A picture accompanies this short article, the caption reads,
“Line side bass caught on Elk River near Henderson Camp by Max A. Elsner of Joplin, Mo.
Thanks to Paula for this clipping. Unfortunately, there is no exact date on the clipping.
It does show however, that Max and Hattie were vacationing together in July. Was it before or after the date below?
Max age 54 gave his son Ralph age 26 power of attorney to take care of all of his affairs. Was he is some kind of trouble or was he just moving and appointing Ralph to take care of things as they came up in Missouri?
Is this the date that Max left town for good? Max applies for a SS number in March of 1941 in California. However, there is no clear mention of Max again in family records until Christmas of 1941.
In February of 41, when Ralph is married, his parents are reported to be living in Kansas City. Did this have something to do with his move to Kansas City?
Paul and Lola are living in Fulton, MO. Why didn’t Max ask Paul to be his power of attorney? Because Paul was living in another town?
July 28 JDG ” Mrs.W.E. Carden, 110 North Connor avenue, has returned from a two weeks’ visit with her parents, Mr. and Mrs. J R. Hayes, and other relatives in El Paso, Tex.” Mrs. Carden left town the same time that Max signed those documents. This is the first time I have found reference to her in the Joplin paper.
In June of 1941, Hattie refers in a letter to her son to the Carden’s as “the enemy”. Did Mrs. Carden have something to do with Max’s leaving town?
A graduation card was sent to Maxine Elsner and signed Mr. & Mrs. W.E.Carden. This might have been her college graduation in 1939. It certainly shows a relationship between the families.
Bill Gretsch visiting Joplin. Are Maxine’s parents still there?
late August Maxine gets a job teaching English and Debate at Webb City High School.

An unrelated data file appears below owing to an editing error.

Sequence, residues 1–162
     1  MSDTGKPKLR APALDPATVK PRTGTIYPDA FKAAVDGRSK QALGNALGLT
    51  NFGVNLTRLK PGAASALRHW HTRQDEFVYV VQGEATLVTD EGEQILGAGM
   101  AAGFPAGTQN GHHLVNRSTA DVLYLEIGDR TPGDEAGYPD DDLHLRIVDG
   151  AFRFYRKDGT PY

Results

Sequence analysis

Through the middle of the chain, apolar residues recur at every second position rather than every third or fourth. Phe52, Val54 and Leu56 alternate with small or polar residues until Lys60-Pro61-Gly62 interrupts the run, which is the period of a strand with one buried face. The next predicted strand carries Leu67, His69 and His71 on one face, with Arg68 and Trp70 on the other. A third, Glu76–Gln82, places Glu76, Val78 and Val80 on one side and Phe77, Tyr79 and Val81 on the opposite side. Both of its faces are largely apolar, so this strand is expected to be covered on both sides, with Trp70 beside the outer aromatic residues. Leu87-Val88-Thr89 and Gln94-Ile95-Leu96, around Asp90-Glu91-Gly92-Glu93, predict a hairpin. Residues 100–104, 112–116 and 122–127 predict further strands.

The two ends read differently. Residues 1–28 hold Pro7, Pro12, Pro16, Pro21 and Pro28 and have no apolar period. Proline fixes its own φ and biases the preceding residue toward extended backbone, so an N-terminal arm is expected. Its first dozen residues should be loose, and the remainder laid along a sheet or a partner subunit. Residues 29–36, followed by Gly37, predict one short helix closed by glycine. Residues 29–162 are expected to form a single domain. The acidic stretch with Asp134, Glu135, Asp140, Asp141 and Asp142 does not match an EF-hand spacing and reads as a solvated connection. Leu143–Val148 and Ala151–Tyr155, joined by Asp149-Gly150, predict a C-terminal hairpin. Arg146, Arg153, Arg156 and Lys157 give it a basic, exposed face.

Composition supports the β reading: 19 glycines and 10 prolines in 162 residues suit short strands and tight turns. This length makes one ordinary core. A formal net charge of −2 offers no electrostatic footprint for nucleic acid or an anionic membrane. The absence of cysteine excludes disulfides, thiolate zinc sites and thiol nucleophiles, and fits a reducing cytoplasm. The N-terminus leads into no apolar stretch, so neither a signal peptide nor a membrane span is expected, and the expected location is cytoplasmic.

She get the job at the last minute because another teacher resigned.
Sept. 1 German’s invade Poland. Hugh convention in Joplin for American Legion, a war veteran organization.
Dec.7, 8, 9 Bill Gretsch visiting in Joplin. Are Max and Helen there?
Eunice Newdigger of the Joplin Geneological Society tells me in 1998
” Some clippings from the paper say that Max Elsner was in Los Angeles in 1939 but I find him in the city directory of 1940. But they are prepared the year before. I would say that he left about 1939 for California”
Bill sends a telegram to Maxine in Joplin on December 20th saying that he is looking forward to seeing you “both” on Tuesday, which is Christmas Day. Did Bill come to Joplin to be with Maxine and her mother. Or did the both refer to Maxine and Ralph?
Max A.Elsner Construction Co. 221 W 3rd R 202-04 (Joplin City Directory) These directories are made a year in advance and perhaps, Max and Hattie have already left town to live in Kansas City.
1940 Census, taken in april shows Max and Hattie and Ralph and Maxine living at 620 Jaccard.
Ralph and Maxine are living at 620 Jaccard . Maxine teaching at Webb City High School.
Maxine in Lincoln Nebraska ?
February Mrs. W. E. Carden is one of the hostesses for a luncheon for the League of Women Voters.
Late May Bill Gretsch visits Maxine on 620 Jaccard.
From May, 1940 until December of 1941, there are no extant telegrams from Bill.
What is going on in the family. Are Max Max & Hattie in Kansas City?
Has Helen just found out about Max’s affair, is that why Maxine wanted Bill to come visit. Is this why Bill is not so unhappy with Max for leaving the family?
June German Troops March into Paris.
There are two pictures of Maxine and Bill in Chicago. They look like they are having a really great time. Maxine looks very young and happy. But where is Hattie?
According to the Joplin City Directory, Lucille C. Elswick is still listed as housekeeper at 626 Jaccard. this is just a few houses down from where Maxine and her brother Ralph are living without their parents. I’ll bet that housekeeper would have something to say about what is going on.
Golden Gate International Exposition closed- Did this have something to do with Max and Hattie moving to California-
Picture of Maxine and Hattie on the street in Kansas City. Maxine looks very irritated with Hattie. Maxine is wearing the same jacket she looked so happy in the July 12th picture in Chicago with Bill. ( Picture in Menlo Park Collection, Savannah.)
Perhaps, Max and Hattie are living in Kansas City now. Maxine will soon take a job in Texas and be near her family there. Her mother and her grandmother will join her there.
Hattie in Kansas City with her sister Kate.
Oct. 7 In Joplin, Mrs. Carden is having a meeting for the women of Kawanis.